Gravitational waves and why they’re a big deal

With the detection of gravitational waves recently, another element of Einstein’s theory of relativity has been proven true. But what does the breakthrough mean for science?

Over 1.3 billion years ago, two black holes spiralled closer and closer together, eventually merging. The collision left a gravitational ripple effect behind and the waves were detected for the first time by physicists when they hit earth in September 2015.

Gravitational waves are ripples in the fabric of space and time, left behind when two objects with a large enough mass come into contact. Einstein predicted the theory over a century ago with some hesitation, but assumed that we would never be able to see or hear these ripples.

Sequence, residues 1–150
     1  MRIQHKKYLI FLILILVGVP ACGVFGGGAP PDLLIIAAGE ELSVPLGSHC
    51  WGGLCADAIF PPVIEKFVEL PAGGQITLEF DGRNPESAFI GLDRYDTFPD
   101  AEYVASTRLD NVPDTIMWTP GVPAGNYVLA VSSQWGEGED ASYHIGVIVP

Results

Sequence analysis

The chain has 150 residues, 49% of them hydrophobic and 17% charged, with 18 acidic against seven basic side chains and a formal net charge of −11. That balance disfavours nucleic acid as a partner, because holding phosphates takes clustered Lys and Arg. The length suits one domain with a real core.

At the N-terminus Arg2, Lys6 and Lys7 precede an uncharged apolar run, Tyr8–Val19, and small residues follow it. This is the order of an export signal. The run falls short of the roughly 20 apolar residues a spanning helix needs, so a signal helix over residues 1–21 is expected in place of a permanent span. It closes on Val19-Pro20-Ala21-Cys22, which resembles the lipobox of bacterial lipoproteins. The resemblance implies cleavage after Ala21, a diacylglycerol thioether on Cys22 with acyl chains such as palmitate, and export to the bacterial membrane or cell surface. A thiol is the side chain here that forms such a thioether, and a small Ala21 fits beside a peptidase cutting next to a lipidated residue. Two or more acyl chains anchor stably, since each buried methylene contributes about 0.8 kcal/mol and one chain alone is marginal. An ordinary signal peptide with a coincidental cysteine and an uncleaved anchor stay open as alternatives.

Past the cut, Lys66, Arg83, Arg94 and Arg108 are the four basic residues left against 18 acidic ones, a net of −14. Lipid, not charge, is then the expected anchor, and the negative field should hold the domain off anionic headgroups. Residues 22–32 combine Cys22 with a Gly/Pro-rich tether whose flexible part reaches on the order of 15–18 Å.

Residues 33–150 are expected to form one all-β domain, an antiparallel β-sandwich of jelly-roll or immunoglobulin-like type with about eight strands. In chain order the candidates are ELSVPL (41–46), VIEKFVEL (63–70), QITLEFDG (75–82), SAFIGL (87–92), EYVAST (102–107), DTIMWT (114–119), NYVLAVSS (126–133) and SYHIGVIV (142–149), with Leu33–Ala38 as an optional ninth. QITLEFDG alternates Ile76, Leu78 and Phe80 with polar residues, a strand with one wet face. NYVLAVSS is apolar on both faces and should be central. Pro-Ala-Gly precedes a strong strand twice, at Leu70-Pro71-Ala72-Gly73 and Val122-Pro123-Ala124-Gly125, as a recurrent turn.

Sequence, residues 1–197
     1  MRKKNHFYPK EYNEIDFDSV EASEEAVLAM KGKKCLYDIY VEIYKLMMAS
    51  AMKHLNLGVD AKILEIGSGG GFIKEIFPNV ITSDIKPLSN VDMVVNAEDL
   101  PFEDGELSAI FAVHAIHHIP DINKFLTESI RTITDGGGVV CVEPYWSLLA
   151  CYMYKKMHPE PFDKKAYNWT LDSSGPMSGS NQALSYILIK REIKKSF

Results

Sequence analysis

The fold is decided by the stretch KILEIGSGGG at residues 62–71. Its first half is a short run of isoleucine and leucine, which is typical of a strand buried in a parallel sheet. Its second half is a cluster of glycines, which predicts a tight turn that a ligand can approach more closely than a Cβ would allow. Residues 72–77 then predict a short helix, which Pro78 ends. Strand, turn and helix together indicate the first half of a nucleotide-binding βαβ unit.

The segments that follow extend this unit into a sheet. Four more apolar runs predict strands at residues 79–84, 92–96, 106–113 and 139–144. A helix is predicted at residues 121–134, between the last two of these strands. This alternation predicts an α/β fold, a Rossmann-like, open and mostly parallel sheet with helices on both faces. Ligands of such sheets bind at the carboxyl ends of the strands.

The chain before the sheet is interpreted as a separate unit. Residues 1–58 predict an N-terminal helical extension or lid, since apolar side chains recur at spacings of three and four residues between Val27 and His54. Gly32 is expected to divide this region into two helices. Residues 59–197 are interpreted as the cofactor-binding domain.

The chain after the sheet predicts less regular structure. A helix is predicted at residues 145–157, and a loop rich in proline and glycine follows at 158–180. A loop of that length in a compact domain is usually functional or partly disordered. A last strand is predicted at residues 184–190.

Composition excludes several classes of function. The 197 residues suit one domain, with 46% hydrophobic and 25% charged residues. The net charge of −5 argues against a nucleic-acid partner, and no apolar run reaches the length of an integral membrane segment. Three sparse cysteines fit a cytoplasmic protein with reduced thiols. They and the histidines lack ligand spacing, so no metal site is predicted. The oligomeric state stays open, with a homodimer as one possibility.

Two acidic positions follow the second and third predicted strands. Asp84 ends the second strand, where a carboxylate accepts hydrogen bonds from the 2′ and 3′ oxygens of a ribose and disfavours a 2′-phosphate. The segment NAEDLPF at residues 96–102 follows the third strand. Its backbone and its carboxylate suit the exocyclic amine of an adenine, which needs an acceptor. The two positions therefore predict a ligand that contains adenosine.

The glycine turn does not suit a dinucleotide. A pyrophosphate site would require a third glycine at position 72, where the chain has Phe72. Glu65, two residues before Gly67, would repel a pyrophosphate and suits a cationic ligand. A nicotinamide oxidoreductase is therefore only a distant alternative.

The detection of the waves is a huge scientific breakthrough and opens up a new age for astronomy.

It’s estimated that scientists can only view about 4 per cent of what’s in space. This discovery will afford scientists a glimpse at a side of the universe that has never been seen before.

Cliff Burgess, a theoretical physicist at the McMaster University in Ontario described the breakthrough as “a whole new way of seeing the sky”.

He told that: “If you look with visible light as far as we can, the universe is no longer transparent, it becomes opaque. There’s nothing you can do about that.”

“If you could see [gravitational waves], you can see past where you can’t see with physical light. That would be cool. We’d have direct access to something that’s farther away than we can hope to see otherwise,” he added.

It remains to be seen if the discovery can help us further understand the complexity of the universe, but for now it’s only the start of what gravitational wave astronomy has to offer.

David Clarke

Image credit: Getty Images

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